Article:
March 17, 2010

The life and art of John Marin

By BOB KEYES, Staff Writer

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This is where Marin made his way in the world.

Last week, Maglaras, Templeton and their crew, headed by photography director Phil Cormier, spent several hours on the causeway. They filmed Maglaras as he talked about Marin's attraction to Cape Split.

In the morning, all they could see was fog. The islands that Maglaras referred to in his script vanished under a blanket of dense, gray fog.

Later in the day, after lunch, the challenge was the sun and the wind. The latter filled Maglaras' shirt with air like a balloon and messed with his hair. The sun, which popped in and out of the clouds, kept Cormier and his crew scrambling. During one take, they needed lights. During another, they had to set up scrims to block the sun.

Very likely, those ever-changing conditions are what challenged Marin as well. Although he painted in his studio, he preferred being out in the open air. Late in life and beset by poor health, Marin still scrambled around the rocks at Cape Split in search of a different perspective.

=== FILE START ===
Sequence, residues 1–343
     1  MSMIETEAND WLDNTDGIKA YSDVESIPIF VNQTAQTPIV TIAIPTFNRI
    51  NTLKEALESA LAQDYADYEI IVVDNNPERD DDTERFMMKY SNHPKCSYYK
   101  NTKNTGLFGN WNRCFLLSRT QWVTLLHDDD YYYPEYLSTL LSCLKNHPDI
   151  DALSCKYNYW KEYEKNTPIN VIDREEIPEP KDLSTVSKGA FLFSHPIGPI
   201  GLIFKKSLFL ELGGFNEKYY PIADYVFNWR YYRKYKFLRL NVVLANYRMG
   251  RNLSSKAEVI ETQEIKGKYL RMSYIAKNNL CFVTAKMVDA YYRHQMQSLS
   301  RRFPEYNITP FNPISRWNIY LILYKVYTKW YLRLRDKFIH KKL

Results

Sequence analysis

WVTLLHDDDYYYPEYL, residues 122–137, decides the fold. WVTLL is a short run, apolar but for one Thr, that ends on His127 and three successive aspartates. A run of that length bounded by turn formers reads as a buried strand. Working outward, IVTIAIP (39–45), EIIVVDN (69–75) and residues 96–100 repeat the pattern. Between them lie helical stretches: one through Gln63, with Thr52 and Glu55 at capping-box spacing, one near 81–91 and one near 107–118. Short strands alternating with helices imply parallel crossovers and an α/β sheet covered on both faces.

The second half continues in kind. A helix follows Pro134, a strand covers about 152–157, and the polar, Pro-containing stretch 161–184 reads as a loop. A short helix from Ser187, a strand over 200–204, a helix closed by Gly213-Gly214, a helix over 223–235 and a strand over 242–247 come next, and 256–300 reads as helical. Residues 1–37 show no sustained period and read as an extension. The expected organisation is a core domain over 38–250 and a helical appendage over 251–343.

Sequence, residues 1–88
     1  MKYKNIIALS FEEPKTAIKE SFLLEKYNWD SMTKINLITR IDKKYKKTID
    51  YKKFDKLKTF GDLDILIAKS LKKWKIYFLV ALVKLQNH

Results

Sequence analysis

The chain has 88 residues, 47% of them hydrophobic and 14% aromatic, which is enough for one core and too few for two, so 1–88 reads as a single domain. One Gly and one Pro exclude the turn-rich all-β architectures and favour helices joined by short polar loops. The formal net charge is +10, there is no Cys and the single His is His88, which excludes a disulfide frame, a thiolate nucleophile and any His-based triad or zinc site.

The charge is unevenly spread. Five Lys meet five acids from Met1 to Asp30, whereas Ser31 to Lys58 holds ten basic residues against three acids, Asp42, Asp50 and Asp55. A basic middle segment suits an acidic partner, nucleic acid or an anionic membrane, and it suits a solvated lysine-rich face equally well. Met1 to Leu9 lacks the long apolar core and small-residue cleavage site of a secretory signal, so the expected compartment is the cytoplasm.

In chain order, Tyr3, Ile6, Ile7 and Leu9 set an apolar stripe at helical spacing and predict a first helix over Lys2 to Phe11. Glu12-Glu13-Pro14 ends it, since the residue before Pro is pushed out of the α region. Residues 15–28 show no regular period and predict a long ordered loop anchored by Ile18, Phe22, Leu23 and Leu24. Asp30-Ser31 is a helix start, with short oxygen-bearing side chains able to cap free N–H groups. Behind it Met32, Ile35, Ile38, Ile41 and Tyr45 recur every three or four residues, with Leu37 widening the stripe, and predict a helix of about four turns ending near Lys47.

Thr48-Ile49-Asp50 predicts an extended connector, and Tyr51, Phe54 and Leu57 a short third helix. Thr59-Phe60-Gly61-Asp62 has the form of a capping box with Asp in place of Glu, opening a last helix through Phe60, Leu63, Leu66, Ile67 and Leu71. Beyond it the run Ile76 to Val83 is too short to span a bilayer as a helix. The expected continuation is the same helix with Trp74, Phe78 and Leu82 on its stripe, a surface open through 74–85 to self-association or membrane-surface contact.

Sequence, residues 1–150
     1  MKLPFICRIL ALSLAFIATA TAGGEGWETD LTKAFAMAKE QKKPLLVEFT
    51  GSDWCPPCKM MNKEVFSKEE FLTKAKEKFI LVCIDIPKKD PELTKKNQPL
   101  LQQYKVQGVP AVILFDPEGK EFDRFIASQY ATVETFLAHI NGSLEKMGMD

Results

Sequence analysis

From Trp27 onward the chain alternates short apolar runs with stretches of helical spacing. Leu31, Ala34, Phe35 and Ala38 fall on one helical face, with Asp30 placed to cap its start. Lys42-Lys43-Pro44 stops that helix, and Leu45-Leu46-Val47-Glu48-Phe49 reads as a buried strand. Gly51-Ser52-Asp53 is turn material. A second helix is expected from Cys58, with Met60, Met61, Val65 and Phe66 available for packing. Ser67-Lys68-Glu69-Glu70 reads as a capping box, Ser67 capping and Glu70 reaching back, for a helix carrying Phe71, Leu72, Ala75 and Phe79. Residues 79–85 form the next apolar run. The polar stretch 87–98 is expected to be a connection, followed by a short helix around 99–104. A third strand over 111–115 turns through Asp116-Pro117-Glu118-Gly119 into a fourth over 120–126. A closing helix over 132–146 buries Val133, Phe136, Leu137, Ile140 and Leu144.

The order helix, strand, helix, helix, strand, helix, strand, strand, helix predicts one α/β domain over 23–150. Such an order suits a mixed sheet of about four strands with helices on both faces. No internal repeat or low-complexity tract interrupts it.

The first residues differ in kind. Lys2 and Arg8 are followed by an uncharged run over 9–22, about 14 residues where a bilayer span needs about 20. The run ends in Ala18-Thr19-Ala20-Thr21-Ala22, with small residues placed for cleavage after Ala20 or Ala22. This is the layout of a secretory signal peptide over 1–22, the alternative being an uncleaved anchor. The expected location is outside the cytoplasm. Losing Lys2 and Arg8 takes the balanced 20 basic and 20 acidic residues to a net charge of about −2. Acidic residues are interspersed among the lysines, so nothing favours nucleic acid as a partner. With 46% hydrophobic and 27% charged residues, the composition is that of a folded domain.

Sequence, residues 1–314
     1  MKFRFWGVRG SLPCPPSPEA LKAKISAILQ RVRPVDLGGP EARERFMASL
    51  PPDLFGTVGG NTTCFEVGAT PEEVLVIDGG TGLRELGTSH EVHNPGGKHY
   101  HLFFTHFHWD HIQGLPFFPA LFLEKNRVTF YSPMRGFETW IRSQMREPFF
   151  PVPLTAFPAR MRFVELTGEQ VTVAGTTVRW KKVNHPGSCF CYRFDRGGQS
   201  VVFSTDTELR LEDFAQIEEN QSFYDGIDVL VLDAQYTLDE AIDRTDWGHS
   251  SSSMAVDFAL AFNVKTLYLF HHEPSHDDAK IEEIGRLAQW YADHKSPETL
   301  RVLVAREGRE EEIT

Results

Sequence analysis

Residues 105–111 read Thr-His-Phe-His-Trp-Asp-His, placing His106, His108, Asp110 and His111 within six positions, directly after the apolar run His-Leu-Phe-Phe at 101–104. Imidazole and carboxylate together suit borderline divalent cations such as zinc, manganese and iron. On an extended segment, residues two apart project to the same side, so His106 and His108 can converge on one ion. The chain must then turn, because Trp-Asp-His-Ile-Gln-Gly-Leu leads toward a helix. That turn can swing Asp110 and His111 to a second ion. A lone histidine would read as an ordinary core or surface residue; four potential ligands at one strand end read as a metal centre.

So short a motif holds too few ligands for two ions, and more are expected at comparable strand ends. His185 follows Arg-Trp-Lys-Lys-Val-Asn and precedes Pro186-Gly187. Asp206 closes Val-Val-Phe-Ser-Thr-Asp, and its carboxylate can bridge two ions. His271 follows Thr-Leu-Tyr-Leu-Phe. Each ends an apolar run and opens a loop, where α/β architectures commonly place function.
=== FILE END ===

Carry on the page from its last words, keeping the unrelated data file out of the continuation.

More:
Maglaras' goal with this movie is simple. He wants people to understand why this place meant so much to Marin, both from the artistic perspective and also for personal reasons. And he wants people to understand the man, to get to know the artist on a humanistic level.

Marin lived in two centuries and saw a wave of technology evolve in his lifetime. We have audio recordings of him talking, movies of him painting and copies of the letters that he wrote.

We also have the vast collection of art that he left behind. Marin completed some 4,000 paintings, drawings, etchings and other works. His artistic output has been parsed and analyzed time and again.

But what we don't have, Maglaras said, is a great sense of the man. With his film, he hopes to connect this place, which meant everything to Marin, to the man.

Over time, the two became one, he said.

"Marin was someone who enjoyed his life," Maglaras said. "He had problems with illness, and certainly from time to time he was depressed.

"But this was a man who enjoyed life, and who enjoyed the act of painting."

Staff Writer Bob Keyes can be contacted at 791-6457 or at:

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